1) the most common way is to increase the CPU vcore voltage. Make only 0.05 - 0.1 volts increments at once, anymore could permanently damage your CPU. This is a very common tactic since an OCed CPU needs more watts and volts to handle the extra tasks at hand. Also note that "AUTO" settings aren't at all good ionce, even at stock, they supply too much or too little voltage. Also don't increase your voltage too much, anything above 1.4v for a Core 2 chip is not recommended since it increases electronic migration and drastically decreases your CPU's life.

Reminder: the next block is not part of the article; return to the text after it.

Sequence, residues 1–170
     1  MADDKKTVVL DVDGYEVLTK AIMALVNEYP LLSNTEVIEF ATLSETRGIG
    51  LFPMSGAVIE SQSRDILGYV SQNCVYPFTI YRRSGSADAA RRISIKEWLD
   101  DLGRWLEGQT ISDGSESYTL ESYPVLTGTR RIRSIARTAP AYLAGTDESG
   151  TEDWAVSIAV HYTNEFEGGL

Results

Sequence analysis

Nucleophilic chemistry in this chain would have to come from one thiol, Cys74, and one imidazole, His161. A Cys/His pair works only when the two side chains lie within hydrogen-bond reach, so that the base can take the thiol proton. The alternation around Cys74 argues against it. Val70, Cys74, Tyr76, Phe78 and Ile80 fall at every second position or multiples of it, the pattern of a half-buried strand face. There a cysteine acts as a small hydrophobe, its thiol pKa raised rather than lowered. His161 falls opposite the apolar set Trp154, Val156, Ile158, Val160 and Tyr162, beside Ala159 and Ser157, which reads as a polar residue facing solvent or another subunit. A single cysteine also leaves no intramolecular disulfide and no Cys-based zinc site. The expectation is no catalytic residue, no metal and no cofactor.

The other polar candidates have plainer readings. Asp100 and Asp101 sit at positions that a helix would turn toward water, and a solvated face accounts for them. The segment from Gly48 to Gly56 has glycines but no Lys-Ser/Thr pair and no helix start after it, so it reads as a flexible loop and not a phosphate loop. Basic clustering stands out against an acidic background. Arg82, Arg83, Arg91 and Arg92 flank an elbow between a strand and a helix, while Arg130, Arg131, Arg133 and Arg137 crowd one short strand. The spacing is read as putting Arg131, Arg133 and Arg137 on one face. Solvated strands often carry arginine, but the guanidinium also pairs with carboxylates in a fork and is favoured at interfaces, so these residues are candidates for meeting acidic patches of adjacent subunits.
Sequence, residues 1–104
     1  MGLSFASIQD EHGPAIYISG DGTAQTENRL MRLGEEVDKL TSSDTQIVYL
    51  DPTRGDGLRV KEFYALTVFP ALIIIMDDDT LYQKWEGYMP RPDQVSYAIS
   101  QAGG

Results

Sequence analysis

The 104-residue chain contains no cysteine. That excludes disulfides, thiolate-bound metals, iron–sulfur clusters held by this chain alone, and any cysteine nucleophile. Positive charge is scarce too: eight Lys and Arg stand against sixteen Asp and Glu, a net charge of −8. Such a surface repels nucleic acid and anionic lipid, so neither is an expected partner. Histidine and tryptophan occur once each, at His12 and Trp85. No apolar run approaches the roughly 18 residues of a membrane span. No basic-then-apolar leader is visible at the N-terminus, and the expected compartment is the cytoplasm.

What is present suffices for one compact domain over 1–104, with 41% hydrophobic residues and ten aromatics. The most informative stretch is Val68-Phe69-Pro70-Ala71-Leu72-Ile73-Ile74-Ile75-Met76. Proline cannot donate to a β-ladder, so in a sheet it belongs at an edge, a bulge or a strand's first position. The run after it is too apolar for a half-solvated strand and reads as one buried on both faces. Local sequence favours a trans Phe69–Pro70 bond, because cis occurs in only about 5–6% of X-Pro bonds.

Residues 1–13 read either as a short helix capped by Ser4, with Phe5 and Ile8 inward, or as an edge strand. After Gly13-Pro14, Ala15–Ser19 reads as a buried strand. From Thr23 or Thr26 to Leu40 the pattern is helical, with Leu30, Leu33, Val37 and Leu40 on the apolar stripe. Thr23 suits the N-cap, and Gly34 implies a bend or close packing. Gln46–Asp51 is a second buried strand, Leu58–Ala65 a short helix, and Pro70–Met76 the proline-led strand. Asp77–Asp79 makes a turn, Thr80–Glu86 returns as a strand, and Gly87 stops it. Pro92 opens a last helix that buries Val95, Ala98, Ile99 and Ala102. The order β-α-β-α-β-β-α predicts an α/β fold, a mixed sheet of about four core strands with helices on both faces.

2) Before you increases the voltage however, I recommend that you step down your RAM timings as well. Check your specific RAM model number for its details specifications. If you find that it has something like PC2-5300 on it or 667 MHz, then it means your RAM operates at 667 MHz. If it has PC2-6400 said or 800 MHz, then it means your RAM operates at 800 MHz. If you have PC2-4200 or 533 MHz said, it means your RAM operates at 533 MHz. In cases of expensive RAM, you may have 1066 or even 1200 MHz RAM, which is, in effect, factory OCed RAM that is stable. Check CPU-Z for your RAM frequency. Make sure your RAM isn't OCed by anymore then 15% because this isn't very good for your RAM's life and health. Decrease your RAM's frequency by 133 MHz (which will be the default option i.e. you will be allowed to choose from 533, 667, 800 depending on the maximum frequency your RAM can handle). By doing so, your FSB:DRAM ratio automatically drops or it may be possibe that you have a direct option to change this ratio